This is another in a series of blogs on the basics of estate planning. Last week, we looked at the taxation of trusts. This week, we’ll look at some of the reasons we use trusts.
There are many reasons to use a trust. Here are a few:
- Probate avoidance. This is not the most important reason, but it is the reason most attorneys think of first. At death, the assets titled in the name of the individual must go through a process to retitle the assets to the appropriate people who’ve inherited them. In some states this process may be rather simple, while in other states it may be cumbersome. There may be substantial legal and court costs associated with the probate process, as well.
- Privacy. A trust is a private document. A will, on the other hand, must be filed in the probate court before it is determined to be valid. This process called probate is a public process (except in very rare circumstances). Thus, everyone who wishes may know the contents of the will and the assets which were part of the probate estate. So, for example, they would know about the child born out of wedlock who received an inheritance or the child who was disinherited because of a family dispute. The nosy neighbor would know the dirty laundry and could spread the gossip. Also, predators would know how much money beneficiaries are inheriting. For example, they might know that a weak-willed beneficiary is inheriting $200,000 and could be approached for money. So, if a client is at all concerned about privacy, a trust will serve their needs better than a will.
- Incapacity planning. A will does nothing to help with incapacity planning. As is often said, a will only “speaks” at death. So, if the testator is not dead, the will does not control anything, even if the testator is incapacitated. Conversely, a trust can provide for the management of the assets upon the grantor’s incapacity. This is one of the great benefits of a trust compared to a will. The trust can have whatever standard is desired to determine incapacity. For example, it could require the certification of one or two physicians.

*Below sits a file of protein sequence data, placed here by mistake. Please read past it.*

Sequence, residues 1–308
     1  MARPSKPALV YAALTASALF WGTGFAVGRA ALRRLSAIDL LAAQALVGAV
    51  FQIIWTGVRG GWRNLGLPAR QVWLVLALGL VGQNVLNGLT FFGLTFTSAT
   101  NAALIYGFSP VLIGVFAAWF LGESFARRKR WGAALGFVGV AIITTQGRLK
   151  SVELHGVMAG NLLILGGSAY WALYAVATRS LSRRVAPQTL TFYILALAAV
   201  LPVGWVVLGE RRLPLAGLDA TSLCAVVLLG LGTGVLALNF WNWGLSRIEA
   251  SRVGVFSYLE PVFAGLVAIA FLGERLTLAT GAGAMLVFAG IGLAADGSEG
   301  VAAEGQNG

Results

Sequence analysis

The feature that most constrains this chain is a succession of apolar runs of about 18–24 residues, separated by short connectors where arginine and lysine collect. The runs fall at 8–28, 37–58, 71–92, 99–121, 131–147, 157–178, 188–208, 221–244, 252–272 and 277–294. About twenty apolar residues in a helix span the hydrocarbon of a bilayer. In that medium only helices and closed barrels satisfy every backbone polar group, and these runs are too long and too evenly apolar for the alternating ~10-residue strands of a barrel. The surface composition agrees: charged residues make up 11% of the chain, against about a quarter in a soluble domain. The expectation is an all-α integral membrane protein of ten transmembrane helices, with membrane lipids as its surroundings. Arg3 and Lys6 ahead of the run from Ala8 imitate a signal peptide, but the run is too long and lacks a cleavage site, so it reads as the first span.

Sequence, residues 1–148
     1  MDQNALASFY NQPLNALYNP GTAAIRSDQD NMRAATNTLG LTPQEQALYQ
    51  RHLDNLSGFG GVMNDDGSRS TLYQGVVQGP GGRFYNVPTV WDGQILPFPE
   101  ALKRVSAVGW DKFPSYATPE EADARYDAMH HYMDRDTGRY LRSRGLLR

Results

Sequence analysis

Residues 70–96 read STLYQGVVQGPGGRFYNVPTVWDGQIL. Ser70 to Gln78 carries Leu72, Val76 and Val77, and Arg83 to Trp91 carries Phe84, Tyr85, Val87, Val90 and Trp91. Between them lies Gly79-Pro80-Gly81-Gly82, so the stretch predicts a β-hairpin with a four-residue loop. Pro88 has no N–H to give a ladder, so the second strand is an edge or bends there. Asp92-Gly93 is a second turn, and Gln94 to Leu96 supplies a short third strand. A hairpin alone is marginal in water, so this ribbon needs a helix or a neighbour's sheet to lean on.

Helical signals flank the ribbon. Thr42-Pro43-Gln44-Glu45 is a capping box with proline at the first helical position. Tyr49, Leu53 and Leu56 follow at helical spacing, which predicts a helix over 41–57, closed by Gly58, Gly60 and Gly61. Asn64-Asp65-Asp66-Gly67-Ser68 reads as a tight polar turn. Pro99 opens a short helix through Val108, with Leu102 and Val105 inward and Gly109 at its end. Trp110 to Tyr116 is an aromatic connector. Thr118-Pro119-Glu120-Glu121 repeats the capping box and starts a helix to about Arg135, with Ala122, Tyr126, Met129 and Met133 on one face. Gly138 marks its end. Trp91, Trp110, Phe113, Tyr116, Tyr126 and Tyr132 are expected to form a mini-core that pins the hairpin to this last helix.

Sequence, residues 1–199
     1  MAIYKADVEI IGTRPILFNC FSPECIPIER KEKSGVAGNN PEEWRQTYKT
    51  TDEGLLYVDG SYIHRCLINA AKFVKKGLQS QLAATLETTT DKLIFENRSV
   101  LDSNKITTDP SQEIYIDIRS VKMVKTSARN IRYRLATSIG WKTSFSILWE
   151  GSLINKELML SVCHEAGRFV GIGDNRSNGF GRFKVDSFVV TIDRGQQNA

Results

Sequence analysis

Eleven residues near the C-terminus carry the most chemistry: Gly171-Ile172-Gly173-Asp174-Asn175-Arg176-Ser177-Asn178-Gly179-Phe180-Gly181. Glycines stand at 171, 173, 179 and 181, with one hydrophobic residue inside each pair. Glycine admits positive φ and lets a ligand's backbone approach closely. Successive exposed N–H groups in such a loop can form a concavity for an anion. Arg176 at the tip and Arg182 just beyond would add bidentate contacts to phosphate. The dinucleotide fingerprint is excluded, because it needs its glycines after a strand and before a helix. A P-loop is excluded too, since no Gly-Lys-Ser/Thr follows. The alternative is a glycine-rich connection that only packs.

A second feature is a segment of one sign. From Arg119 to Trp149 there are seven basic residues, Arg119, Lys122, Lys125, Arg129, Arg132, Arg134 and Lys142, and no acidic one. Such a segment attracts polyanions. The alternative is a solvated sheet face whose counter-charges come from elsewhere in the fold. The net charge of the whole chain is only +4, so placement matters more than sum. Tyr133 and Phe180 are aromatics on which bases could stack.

- Management. A trust can provide a vehicle for the management of assets during life and after death. Often, even if a grantor of a trust has capacity, they may reach a time in their life when they no longer wish to manage their assets. A trust provides a simple mechanism for this to happen. The grantor, who typically serves as the initial trustee, simply resigns and the person who was named as the successor trustee is notified and takes on the management responsibilities.
In addition to the benefits which revocable trusts have which wills do not, the trust has other capabilities which wills can also achieve. For example, trusts and wills both can save estate taxes, spawn trusts for beneficiaries at the death of the grantor/testator, etc.
In upcoming blogs, I’ll discuss whom you should choose as trustee. In another blog, I’ll discuss various ways in which you could leave assets to beneficiaries, and the pros and cons of each method.
Stephen C. Hartnett, J.D., LL.M.
Associate Director of Education
American Academy of Estate Planning Attorneys, Inc.
9444 Balboa Avenue, Suite 300
San Diego, California 92123
Phone: (858) 453-2128
Latest posts by Steve Hartnett (see all)
- It’s Not All About the Money: Determining “Non-Financial” VA Eligibility - February 15, 2017
- Basics of Estate Planning: Medicaid Planning and Trusts - February 8, 2017
- Basics of Estate Planning: Joint, Separate, and Unmarried Trusts - February 1, 2017